Shennong Stream

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The confluence of the Shennong Stream (foreground) with the Yangtze (background). The city of Badong is on the far side of the Yangtze

Shennong Stream (Chinese: 神农溪, Shennong Xi) is a left tributary of the Yangtze River, located in the Hubei Province of central China. Fed by tributaries some of which come from the Shennongjia Forestry District, the stream flows south, falling into the Yangtze opposite the city of Badong.

Originally the Shennong Stream watercourse consisted of a wild river traversing a tortuous alignment flanked by almost vertical limestone cliffs; however, since the beginning of the construction of the Three Gorges Dam downstream on the Yangtze, the water level has risen approximately 155 metres at the mouth of Shennong Stream (Jin, 2006). The lower reaches of the Shennong Stream are presently a torpidly flowing river, most of whose previously scenic vertical gorge is now submerged. By the completion of the dam construction in 2009, a further 20 metres of gorge will be inundated.

Measuring a length of 60 kilometers, the Shennong Stream flows through three gorges with different charming scenery. The three gorges are Mianzhu Gorge, Parrot Gorge and Longcangdong Gorge.

History[edit]

The banks of the Shennong Stream have been inhabited since at least the Han Dynasty; the primary ethnic group of the river valley has been the Tujia people. Early history of settlement in the Shennong Stream Gorge is evinced by the hanging coffins stowed in clefts on the high vertical limestone clefts; it is a puzzle to modern man as to how the heavy coffins were stowed on such steep, ostensibly inaccessible places. The coffins themselves were typically carved from a single layer section of a tree trunk, which was approximately 90 cm in diameter; although the lid section was split off to be separate. Some of these coffins can be seen presently from canoes traveling along the Shennong Stream. The coffins are typically 30 to 150 metres from the bluff top above and 25 to 70 meters above the river surface. Most commonly a coffin rests on two sturdy hewn poles that have been wedged within limestone cleft or cave to form generally level platform. Many of these coffins have been lost or destroyed due to the Three Gorges Dam construction, which has led to inundation of many of these river reaches; some coffins, however, have been retrieved for cultural presentation and archeological study. For example, one such coffin was retrieved about 10 km west along the Yangtze River mainstem and is preserved on display at the White Emperor's Palace, within an historical Daoist Temple situated high above the inundation level along the Yangtze.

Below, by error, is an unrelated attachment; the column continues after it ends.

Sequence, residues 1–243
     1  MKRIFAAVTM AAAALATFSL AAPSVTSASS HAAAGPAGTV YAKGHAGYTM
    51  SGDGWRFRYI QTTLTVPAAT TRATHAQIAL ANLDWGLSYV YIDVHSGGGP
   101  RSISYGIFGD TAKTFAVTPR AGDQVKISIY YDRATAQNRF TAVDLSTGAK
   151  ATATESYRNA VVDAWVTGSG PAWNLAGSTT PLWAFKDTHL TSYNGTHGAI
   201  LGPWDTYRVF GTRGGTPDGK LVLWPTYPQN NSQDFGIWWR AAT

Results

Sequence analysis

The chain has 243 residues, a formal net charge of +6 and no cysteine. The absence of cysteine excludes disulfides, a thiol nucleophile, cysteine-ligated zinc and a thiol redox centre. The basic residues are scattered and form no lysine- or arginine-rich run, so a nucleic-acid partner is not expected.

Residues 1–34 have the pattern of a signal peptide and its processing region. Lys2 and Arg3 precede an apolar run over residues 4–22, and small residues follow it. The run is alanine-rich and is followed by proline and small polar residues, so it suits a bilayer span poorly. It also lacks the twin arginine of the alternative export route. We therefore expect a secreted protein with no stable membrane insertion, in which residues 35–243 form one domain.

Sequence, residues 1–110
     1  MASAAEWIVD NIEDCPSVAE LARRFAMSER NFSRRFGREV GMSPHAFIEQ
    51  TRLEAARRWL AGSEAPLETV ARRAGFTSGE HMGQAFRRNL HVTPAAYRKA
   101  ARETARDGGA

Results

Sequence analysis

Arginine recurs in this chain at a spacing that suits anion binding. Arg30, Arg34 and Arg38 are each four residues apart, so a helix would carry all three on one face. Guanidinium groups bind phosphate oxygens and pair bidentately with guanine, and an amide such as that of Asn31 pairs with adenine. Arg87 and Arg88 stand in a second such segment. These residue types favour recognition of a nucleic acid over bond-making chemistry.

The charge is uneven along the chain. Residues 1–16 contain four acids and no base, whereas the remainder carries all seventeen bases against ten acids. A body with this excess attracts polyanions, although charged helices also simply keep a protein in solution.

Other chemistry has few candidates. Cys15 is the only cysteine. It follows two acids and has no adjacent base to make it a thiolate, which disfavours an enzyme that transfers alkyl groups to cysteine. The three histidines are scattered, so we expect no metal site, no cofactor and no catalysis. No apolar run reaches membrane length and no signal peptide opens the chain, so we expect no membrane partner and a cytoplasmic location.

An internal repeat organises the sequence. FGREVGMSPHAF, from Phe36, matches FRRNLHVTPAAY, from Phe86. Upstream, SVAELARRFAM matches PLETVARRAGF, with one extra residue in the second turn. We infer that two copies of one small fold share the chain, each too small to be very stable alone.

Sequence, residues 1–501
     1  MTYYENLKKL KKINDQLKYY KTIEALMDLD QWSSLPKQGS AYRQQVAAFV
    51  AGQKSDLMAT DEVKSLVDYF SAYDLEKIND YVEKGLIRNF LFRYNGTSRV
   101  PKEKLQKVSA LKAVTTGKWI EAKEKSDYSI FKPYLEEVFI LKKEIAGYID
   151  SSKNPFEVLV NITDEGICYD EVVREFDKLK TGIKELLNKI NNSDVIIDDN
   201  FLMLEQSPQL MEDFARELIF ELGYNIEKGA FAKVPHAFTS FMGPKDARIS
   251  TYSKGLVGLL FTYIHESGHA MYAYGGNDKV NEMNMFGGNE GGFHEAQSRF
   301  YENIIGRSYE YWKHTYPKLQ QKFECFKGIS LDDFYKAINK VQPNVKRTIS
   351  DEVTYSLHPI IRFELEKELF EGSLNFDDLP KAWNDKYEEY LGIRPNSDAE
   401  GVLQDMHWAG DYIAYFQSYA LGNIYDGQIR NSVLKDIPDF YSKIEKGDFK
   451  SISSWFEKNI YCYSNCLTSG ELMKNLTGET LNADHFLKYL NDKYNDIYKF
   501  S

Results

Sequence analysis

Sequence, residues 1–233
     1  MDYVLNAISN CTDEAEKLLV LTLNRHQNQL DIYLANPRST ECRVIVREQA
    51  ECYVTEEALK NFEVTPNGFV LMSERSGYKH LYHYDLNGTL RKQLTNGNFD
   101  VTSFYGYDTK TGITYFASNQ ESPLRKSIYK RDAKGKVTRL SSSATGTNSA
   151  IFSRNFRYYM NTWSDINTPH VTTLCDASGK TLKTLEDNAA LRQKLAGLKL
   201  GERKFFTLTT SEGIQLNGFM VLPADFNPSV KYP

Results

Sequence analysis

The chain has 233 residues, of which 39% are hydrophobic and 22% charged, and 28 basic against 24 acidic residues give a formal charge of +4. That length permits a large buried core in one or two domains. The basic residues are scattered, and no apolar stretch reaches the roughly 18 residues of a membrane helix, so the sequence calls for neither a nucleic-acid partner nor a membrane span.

The Shennong Stream Valley is also the site of a number of historical battles in Chinese history. In an early battle, Liu Bei, an emperor of the three kingdom dynasty, incinerated the fleet of Lu Xun (Three Kingdoms), Marshall of the Wu Kingdom, effectively cutting off the pursuit of the latter general. This naval battle took place in the lower reaches of Shennong Stream in the Longchang Gorge at the Rang Kou Xi tributary.(Chao, 2005)

Parrot Gully within Yingwu Gorge along the Shennong Stream exhibits numerous large horizontal incisions carved high on the limestone, which are vestiges of an earlier aerial plank road; moreover, this trace of earlier civilization may be a clue as to how the coffin sites were accessed via an intricate network of aerial planks. At Parrot Gully Liu Chunjum, a general of the Taiping Dynasty fought a number of battles.

Hydrology[edit]

The stream depth is over 155 metres at the mouth of the Shennong Stream, while 15 km upstream the depth diminishes to its original state uninfluenced by the Three Gorges Dam, i.e. approximately 30 cm in depth over riffles armoured with small rounded stones. Turbidity characteristics of the upper Shennong Stream are favourable with respect to most Chinese rivers, with Secchi disk measurements clear to at least 30 cm in depth;. The pH of the upper (natural) stream is in the range of .8.5. or slightly alkaline. (Lumina, 2007)

See also[edit]

References[edit]

  • Jin, Lu, (2006) Three Gorges Project in China, Changjiang Press
  • Chao, Zhou, (2005), Trackers of Shen Nong Xi
  • Lumina Tech, (2007) C.M. Hogan, Water Chemistry of the Yangtze River and Selected Tributaries, Lumina Press, Aberdeen, Scotland

External links[edit]